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Humans and birds use forelimbs for grasping or flying but rely on their two legs for walking. Other animals move bipedally only when needed. Kangaroos forage pentapedally—using all four legs and their tails—but hop with just their hind legs for speed.


Homo sapiens

More efficient when walking than when running, human legs function like inverted pendulums. Part of each step uses momentum and gravity to move the body forward.

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Tyrannosaurus rex

Tyrannosaurs may have been kings, but it’s unlikely they could run fast. Their muscles were too small, and the load of their multi-ton bodies would have broken their leg bones.

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Struthio camelus

An ostrich’s heel matches the height of a human knee. Large muscles around short femurs plus long, light bones in the rest of the leg help the ostrich take big, quick steps.

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Red kangaroo

Macropus rufus

Thanks to elastic Achilles tendons that store and release energy with each hop, kangaroos can increase speed without burning more calories.

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Lar gibbon

Hylobates lar

Gibbons can swing like pendulums below close handholds, a movement called brachiation. At high speeds they release both hands to go completely airborne between supports.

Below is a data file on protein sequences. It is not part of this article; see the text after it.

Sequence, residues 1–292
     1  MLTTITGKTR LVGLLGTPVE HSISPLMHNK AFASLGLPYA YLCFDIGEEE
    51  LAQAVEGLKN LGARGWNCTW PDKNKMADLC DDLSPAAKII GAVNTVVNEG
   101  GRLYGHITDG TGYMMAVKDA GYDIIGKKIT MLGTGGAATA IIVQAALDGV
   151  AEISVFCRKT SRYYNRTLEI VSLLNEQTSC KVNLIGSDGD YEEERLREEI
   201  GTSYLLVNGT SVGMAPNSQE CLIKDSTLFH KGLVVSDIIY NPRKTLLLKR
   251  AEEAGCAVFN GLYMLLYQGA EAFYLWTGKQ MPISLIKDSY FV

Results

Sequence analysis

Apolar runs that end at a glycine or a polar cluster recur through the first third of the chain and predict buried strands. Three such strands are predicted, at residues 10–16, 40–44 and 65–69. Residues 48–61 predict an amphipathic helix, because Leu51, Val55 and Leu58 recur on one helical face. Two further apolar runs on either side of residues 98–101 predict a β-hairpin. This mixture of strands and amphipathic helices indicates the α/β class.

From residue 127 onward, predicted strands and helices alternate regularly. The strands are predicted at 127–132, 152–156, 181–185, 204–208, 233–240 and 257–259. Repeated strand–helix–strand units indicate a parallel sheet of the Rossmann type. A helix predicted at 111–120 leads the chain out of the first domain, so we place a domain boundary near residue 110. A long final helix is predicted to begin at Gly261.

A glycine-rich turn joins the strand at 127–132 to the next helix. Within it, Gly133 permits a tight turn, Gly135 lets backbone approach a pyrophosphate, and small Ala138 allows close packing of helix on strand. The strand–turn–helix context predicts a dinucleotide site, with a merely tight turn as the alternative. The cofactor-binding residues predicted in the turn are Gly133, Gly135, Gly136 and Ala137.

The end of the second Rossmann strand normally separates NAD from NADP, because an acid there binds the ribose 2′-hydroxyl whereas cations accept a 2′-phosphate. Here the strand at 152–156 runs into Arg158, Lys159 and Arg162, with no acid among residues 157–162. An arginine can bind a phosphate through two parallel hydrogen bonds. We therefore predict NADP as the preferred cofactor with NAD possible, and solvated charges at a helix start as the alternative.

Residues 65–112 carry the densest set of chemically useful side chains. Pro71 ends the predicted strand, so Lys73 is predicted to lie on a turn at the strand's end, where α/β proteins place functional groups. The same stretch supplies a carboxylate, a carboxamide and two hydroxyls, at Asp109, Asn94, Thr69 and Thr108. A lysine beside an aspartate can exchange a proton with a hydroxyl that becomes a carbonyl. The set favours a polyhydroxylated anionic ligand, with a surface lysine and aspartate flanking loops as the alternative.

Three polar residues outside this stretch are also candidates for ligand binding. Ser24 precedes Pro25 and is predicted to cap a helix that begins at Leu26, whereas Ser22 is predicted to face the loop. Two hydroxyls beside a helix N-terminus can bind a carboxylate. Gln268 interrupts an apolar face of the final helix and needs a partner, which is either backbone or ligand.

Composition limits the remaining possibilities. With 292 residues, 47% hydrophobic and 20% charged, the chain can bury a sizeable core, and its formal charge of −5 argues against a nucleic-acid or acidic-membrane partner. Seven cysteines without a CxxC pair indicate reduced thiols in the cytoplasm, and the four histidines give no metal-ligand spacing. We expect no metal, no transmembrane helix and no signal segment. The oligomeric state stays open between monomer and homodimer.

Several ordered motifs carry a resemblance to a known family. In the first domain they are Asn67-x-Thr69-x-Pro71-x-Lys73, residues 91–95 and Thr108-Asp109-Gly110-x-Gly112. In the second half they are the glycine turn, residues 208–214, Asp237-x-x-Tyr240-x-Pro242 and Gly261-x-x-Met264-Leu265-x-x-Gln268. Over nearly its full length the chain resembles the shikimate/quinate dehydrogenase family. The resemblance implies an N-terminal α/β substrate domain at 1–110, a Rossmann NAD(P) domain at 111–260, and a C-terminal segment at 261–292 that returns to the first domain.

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No legs

Snakes use muscles, skin, and a flexible body to propel themselves over a variety of surfaces. Some techniques use less friction and are better for loose, level terrain. Others use points of contact along the pliable body to push off of bumps on the ground, the sides of passages, or tree bark.


Crotalus cerastes

On loose sand, the head lifts into place first. The rest follows in a whipping motion.

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Many legs

Most invertebrates spread their body weight across multiple legs, which lessens the load on each limb. Moving requires coordination or even varied leg lengths so they don’t trip over their own feet.

Atlantic ghost crab

Ocypode quadrata

Sideways-running ghost crabs pause frequently while fleeing threats. This slows the buildup of lactate and allows them to travel farther before tiring.

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House centipede

Scutigera coleoptrata

Undulating steps begin with the rear legs, which are longer to avoid tangling. Each stride exceeds total body length.

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Sources: Parvez Alam, University of Edinburgh; Miriam A. Ashley-Ross, Wake Forest University; Andrew Biewener, Harvard University; S. Tonia-Hsieh, Temple University; John Hutchinson, Royal Veterinary College, University of London; Bruce Jayne, University of Cincinnati; Melissa Merrick and John Koprowski, University of Arizona; Scott Stahl, Stahl Exotic Animal Veterinary Services, Naomi Wada, Yamaguchi University